The nature of the scene is also quite fractured, broken into different groups that each prefer certain events.
✹ Tell us more about the scene you feel a part of.
I wouldn’t say that I’m part of the scene back in Baku, simply because I’m not there as much. The nature of the scene is also quite fractured, broken into different groups that each prefer certain events. I think that is largely based on the fact that it is a developing scene and there is not much opportunity for a wide variety of events that would cater to everyone’s tastes and curiosities. But it is the lack of unity in the community that doesn’t make me feel as part of the scene, just that we are all from the same city. I’m really glad that the scene has been developing and there has been much more stuff taking place in Azerbaijan in the past years.
I think more female representation is the first step towards inclusivity, but there is still a long way to go for minorities to have more representation in the scene.
✹ In your opinion, how inclusive is the local scene? Is it possible for new people to become a part of it? How diverse is it in terms of participation of different minorities?
I think our community needs more diversity in sounds. And this is taking off, as there have been more events playing out different genres, and judging by the interest of the crowd, I would say that people enjoy and also want more diversity. I have been seeing many new faces entering the scene, so I wouldn’t say there’s any issues with that. Lately I have been noticing many more female DJs in lineups, which is great to see. I think more female representation is the first step towards inclusivity, but there is still a long way to go for minorities to have more representation in the scene.
✹ Does the electronic / club music scene have an impact on politics in your context? Are there any connections between activist and music scenes?
As the scene is still developing, the nature of clubbing hasn’t yet developed any other purpose. Activism in the Azerbaijani political climate can be quite dangerous, so many people refrain from it. I would say that our politics have a negative impact on the development of the clubbing scene or other sub-cultures, it is quite difficult to make it into a sustainable business in our country, but I love that despite this people are still pulling through and organising things.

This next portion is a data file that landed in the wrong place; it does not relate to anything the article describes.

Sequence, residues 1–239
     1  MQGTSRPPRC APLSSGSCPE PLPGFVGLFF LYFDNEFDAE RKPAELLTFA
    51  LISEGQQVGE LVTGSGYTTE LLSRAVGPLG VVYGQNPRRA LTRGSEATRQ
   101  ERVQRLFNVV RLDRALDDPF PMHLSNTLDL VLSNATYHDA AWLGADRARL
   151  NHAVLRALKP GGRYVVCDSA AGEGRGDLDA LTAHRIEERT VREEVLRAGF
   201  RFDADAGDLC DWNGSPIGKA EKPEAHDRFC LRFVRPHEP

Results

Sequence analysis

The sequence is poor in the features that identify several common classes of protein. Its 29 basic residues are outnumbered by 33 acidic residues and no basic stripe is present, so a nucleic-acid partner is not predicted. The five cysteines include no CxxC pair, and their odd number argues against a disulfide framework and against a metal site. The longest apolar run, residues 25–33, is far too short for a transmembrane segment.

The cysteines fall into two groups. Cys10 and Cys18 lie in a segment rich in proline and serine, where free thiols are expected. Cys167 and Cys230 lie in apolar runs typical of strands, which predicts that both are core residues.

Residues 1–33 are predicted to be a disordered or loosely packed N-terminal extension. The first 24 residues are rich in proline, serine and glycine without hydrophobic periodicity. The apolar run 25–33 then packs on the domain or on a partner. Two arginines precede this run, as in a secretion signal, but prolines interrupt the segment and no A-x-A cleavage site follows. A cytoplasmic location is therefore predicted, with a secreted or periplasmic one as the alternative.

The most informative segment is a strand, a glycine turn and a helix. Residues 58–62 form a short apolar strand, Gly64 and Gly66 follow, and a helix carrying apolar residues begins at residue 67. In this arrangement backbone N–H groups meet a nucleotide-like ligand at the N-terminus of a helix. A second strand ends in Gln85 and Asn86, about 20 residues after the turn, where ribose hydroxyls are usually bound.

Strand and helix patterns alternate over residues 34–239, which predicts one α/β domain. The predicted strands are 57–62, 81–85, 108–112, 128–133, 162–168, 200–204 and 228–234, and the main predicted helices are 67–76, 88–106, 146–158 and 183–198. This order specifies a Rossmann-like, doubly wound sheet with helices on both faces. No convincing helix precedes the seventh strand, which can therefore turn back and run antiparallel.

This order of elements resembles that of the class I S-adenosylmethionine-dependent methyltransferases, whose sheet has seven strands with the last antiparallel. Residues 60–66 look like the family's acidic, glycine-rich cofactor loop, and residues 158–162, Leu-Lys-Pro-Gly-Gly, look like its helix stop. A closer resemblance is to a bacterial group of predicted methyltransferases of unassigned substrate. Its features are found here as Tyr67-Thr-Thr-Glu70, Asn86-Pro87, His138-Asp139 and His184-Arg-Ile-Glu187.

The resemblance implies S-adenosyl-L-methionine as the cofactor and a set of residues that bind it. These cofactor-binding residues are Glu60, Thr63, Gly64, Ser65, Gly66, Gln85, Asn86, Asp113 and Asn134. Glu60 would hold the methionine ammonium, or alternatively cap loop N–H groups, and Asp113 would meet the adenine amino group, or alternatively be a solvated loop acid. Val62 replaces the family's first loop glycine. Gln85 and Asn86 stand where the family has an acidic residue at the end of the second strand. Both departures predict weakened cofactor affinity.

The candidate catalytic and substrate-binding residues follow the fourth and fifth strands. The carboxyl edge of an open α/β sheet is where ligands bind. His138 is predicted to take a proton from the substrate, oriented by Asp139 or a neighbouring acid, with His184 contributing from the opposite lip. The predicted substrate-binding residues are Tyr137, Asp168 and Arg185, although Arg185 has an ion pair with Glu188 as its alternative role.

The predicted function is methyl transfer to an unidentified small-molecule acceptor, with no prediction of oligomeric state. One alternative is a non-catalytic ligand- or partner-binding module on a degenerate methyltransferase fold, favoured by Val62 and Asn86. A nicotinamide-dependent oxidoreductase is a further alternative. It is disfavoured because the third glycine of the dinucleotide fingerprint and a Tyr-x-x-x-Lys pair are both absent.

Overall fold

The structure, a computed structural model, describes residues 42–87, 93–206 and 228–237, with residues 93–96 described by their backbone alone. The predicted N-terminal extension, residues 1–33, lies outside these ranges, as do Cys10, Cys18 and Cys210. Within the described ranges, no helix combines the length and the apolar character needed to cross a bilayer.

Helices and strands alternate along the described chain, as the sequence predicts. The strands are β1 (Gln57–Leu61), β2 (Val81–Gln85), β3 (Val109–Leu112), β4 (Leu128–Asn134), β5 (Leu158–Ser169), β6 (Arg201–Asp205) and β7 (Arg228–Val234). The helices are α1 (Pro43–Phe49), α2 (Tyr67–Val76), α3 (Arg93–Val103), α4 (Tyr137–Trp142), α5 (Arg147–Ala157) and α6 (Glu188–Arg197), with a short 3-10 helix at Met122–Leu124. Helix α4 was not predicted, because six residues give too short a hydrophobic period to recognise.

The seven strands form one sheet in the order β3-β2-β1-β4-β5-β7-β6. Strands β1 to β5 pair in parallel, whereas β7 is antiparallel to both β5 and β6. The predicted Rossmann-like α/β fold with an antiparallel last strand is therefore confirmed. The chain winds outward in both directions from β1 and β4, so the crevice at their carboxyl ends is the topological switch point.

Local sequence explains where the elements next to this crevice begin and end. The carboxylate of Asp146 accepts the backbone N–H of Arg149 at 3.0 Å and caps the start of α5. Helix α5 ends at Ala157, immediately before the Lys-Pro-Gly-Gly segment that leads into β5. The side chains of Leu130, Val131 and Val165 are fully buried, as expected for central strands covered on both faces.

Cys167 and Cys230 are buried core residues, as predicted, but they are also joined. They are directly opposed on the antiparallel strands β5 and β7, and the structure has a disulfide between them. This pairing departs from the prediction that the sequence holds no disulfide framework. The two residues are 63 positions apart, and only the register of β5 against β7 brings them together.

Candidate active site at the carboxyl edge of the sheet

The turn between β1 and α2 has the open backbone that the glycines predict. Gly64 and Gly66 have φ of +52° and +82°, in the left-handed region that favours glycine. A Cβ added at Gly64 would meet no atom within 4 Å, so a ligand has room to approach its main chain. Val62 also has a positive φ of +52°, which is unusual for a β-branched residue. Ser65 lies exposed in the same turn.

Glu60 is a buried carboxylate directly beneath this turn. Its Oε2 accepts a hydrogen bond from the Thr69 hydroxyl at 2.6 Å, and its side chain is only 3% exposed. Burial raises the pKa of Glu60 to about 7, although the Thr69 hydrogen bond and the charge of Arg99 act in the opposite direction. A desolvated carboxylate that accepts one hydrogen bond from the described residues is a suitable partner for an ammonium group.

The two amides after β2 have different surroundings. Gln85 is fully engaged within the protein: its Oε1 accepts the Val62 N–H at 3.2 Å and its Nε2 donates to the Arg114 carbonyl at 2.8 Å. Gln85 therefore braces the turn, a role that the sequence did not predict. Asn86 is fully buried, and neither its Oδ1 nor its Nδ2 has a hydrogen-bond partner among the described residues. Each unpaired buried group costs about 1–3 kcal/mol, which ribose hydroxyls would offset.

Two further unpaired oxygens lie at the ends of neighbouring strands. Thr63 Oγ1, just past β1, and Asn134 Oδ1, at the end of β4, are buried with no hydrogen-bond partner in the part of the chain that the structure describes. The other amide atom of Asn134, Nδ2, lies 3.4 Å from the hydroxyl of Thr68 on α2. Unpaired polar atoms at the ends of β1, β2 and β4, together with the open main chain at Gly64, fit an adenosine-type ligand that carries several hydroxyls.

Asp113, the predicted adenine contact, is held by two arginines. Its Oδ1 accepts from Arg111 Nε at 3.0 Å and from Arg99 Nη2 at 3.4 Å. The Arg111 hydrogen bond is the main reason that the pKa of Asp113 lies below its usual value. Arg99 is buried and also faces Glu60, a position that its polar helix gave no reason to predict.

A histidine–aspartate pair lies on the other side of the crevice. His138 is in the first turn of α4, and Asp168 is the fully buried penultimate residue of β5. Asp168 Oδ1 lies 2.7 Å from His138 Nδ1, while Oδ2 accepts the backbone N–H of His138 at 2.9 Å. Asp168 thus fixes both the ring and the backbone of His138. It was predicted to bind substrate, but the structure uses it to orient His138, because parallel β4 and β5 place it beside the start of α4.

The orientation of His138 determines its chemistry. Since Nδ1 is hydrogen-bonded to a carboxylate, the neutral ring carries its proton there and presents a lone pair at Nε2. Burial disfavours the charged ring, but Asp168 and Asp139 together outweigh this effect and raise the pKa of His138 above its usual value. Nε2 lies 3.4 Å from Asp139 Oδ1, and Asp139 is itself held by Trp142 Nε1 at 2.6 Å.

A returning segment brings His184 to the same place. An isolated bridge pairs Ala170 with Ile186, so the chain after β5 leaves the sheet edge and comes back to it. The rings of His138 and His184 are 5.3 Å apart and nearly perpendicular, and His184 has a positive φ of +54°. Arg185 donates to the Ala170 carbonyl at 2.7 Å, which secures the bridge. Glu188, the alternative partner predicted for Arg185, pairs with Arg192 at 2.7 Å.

Our scene has been heavily influenced by Georgian clubbing, as it is the closest destination to travel to for great events.
✹ In the last decade, Georgia became a techno destination. Does it have any impact on your scene and on the visibility of the artists from the Caucasus region?
Our scene has been heavily influenced by Georgian clubbing, as it is the closest destination to travel to for great events. Because of this we frequently have Georgian artists in our line-ups. However, I wouldn’t say that the Georgian techno boom has heavily influenced Caucasian visibility, as I have only observed more Georgian artists on the rise.
The Threshold HouseBoys Choir – A Time of Happening
NIWA – Vai Se Tratar
José Manuel – Janara
Badawi – False Dub
Toulouse Low Trax – Rushing Into Water
Muslimgauze – I Shall Sing Until My Land Is Free
Anunaku & Dj Plead – Wheele
Ah Cama-Sotz – Isfahan
Ninja Exotic Machine ft. Yeho – Explore My Crack
RAMZi – coucou mon ami ft. Dj Python
Sassy 009 – Mystery Boy
Ezra Collective x Swindle x JME – Quest For Coin II
Against All Logic feat. Lydia Lunch – Illusions of Shameless Abundance
Kasra V – Bloom
RAST – Kashki Mən Dəniz Olaydım
Dimlite / Efdemin – Can’t Get Used To Those (Kosi Edit) / Ohara